but in eighteen, sixty three in the aftermath of the Emancipation Proclamation Confederate camps would not do trades for black soldiers and that meant serve longer stays in and Pierre W camps in cleans are really brutally awful places like Andersonville and such is comparing people during that period to people who are paid out, use but guts and backward fast to people who are never get and she finds that grandchildren Yoda views in and during the brutal period were ten percent more likely. die each in any. Given year after the age of forty five, the grandchildren of veterans were not geared up to use and were, and there are also more likely to die. Then grandchildren of veterans who were abuses are more humane period, Don't like ten percent more likely to die each year is. Is it really big effect
an interesting leave. It seems only happen. First, sons, not female descendants of our grandsons, not female descendants of of the veterans affair for male line grandsons for sons of sons, sons of science. Yes, that's right are so she looks it simple. Bob explanations were thus maybe it's serve social that that you have like a mean grandparent, because they went through some shit. Paid by our conclusion is that its most likely epigenetic I'm so her claim is that being an in a the camp like we change the dna of the prisoners in a way that was inherited by their grand sons and damage the grandsons. I don't really have an immediate reaction to this other than like that's pretty crazy the Jerusalem. What what did you make of it? the male line thing is what's what's really important here. So I did. A Y chromosome is passed from your father to your from Father to son, because women always give an x, chromosome and and then give Y chromosome, so what they funded. There's, not they don't find this.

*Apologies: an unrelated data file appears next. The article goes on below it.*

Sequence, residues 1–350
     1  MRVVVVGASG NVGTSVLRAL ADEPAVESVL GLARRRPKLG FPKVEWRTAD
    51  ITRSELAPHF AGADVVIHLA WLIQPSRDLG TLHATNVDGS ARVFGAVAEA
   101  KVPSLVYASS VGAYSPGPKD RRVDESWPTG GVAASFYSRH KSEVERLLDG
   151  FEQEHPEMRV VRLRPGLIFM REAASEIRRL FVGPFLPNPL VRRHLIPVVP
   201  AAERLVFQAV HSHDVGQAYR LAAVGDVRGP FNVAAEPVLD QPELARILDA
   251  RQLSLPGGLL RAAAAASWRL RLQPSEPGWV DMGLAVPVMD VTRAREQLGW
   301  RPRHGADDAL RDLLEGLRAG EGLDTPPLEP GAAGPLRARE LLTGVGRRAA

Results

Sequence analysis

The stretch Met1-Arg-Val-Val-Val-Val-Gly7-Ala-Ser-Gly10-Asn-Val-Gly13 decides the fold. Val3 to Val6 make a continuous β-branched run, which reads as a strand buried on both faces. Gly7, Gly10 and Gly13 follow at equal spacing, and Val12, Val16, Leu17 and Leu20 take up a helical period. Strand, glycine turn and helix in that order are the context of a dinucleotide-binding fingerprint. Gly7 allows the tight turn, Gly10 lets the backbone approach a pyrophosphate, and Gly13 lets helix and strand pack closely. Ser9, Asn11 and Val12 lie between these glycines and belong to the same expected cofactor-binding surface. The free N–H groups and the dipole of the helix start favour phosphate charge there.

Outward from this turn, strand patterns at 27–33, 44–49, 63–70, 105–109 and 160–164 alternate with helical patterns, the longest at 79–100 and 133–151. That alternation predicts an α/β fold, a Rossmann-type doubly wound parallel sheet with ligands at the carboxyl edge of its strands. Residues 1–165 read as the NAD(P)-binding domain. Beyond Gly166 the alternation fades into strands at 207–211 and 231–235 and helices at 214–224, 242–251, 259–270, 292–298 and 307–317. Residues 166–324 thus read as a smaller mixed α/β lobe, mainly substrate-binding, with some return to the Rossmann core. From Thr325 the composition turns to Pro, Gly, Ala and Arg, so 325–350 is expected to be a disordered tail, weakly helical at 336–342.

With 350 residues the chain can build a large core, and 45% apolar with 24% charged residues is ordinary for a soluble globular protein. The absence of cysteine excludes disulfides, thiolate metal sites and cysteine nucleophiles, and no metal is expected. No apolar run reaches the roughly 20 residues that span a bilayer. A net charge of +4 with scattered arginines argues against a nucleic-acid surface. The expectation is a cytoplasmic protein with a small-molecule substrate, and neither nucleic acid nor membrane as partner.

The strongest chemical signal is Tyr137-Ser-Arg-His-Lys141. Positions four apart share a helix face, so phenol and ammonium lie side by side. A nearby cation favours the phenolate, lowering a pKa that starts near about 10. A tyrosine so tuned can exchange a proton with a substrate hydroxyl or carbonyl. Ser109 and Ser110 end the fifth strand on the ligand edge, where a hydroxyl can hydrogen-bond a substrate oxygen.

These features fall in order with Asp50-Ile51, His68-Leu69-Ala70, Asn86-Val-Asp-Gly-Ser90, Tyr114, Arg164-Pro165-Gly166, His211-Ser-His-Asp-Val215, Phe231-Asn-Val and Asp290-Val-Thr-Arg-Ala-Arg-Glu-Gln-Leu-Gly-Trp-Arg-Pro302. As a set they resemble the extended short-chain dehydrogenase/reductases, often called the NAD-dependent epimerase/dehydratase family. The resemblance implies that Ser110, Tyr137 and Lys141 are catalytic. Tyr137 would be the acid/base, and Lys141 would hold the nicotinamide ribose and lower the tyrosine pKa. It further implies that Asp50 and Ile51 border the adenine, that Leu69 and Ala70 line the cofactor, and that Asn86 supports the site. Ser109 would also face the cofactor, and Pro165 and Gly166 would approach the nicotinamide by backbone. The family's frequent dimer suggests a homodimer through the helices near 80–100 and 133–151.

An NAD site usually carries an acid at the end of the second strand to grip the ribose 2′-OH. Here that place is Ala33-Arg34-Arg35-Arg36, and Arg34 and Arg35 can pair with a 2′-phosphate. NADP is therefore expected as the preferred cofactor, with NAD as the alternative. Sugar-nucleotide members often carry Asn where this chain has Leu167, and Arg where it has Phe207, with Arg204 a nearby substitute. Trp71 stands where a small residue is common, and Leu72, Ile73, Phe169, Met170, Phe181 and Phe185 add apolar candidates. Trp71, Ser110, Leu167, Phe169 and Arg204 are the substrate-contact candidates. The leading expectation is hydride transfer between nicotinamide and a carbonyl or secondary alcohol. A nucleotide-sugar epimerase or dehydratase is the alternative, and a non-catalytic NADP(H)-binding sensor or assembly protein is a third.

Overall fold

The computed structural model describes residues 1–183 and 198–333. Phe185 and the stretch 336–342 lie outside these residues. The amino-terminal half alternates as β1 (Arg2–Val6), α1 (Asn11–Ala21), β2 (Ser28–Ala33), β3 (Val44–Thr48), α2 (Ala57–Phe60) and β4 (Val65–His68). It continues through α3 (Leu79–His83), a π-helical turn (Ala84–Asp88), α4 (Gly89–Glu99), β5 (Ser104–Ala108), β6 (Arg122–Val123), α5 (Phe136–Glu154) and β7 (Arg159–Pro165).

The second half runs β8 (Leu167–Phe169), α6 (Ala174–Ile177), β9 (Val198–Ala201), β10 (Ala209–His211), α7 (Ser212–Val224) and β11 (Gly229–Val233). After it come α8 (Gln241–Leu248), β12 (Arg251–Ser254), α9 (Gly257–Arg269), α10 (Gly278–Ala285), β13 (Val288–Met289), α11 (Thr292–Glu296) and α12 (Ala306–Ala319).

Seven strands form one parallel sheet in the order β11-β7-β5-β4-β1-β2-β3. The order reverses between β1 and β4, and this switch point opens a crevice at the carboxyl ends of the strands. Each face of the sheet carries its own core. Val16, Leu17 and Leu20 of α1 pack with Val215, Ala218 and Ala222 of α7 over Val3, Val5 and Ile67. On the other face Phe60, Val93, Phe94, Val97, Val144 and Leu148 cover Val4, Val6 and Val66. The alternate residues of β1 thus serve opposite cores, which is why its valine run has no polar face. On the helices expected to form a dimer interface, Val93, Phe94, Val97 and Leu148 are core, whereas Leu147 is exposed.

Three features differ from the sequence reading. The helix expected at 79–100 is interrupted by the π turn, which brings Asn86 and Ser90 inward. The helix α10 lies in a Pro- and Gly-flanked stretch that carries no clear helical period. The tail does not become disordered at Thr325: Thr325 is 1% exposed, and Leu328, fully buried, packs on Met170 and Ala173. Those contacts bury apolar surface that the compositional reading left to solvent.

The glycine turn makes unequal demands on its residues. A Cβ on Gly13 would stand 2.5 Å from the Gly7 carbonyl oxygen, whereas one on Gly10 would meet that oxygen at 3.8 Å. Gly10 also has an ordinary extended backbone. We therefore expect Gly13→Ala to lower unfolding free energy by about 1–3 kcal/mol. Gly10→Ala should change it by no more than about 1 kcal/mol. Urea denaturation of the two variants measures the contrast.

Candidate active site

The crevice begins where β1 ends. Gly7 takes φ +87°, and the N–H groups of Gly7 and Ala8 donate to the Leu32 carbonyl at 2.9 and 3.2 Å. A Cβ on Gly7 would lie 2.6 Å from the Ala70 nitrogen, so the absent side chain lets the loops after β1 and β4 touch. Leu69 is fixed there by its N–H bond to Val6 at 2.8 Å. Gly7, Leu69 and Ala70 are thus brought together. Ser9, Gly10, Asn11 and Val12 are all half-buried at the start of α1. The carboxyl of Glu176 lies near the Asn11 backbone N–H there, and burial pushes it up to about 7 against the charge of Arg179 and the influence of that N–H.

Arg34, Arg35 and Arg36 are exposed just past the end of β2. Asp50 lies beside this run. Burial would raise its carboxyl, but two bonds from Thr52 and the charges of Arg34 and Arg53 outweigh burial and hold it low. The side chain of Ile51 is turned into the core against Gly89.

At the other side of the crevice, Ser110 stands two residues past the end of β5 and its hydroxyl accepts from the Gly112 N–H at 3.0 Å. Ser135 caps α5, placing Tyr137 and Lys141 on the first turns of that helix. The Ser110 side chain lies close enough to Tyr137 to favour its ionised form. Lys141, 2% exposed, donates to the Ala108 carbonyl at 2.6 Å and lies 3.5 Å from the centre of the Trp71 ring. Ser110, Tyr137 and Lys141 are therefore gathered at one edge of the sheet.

four grand signs. They don't find it for grand sons of their daughters. They, despite of regret sons of their sons- and I mean I was sorry we have the time giving. This just seems, like somebody says to me, random industry, by this building very far fetched like when we have all the stake dad. I built this feels, like I don't know like. Maybe it's the case that, like Father likely that abolition, due to their sons in general and therefore gave a closer look at their sign that sons gonna have higher impact than what they would have their daughter, like. Maybe there's something like that going on. Obviously, it's hard impossible to control for something like that, but her reasoning, through with papers like crazy, pretty substandard and objects like in a relatively new field, but there are a couple other, papers that have shown similar things. They most prominently. People probably heard of of a swedish study that showed that if a grandfather had access to a lot of food in the years before puberty, his grand sons were found to have an increased risk of cancer. This is the over colic study in Sweden and any note like this like this and have recently found us in mice and stuff too. It really is quite shocking, as this is
it happens, because if it does happen, obviously a case where we can vary easily measure a massive trauma and then in a trace it to grandchildren and make luckily there's like relatively good. I'm records going on this time period, but, like does a lot of trauma, happens. people all the time, both small and large and like this is impacting you like generation later, there doesn't really seem to be a policy response to. This is kind of like yeah that, like really socks like you might die because Grandfather like didn't, have food or did have food or like was a prisoner of war night and like one year verses another and not seems just extremely bad, not just in general, but also. distributional if you consider as we're trying to close gaps, racial gaps, your gender gaps, indifferent spaces like you know, how do you control for that? How do you change or how do you get rid of those gaps? If, if, if it's just in your genes at some point because of massive try, that's been imposed on your ancestors yeah, I'm right there with
new Jerusalem in terms of Lake man, Genetics is an awfully strong place to go, especially for an economic history paper but lake, maybe it's just that neither of us super familiar with like papers where nature is an option on the table, but it did seem very closely reason like if someone who is an honest to goodness in our genetic researcher, wants to read through this and tell us whether the is actually really shoddy reasoning. I think that that would be welcome, but it certainly it certainly does seem to build the case pretty strongly that lake any give in so social or environmental explanation you could provide would not be specific to the sons of sons thing the interesting thing for me is that if this, true- and you know not just for like this finding, but if it is you, if the implication that why Chrome is Epigenetic are really substantial. Inward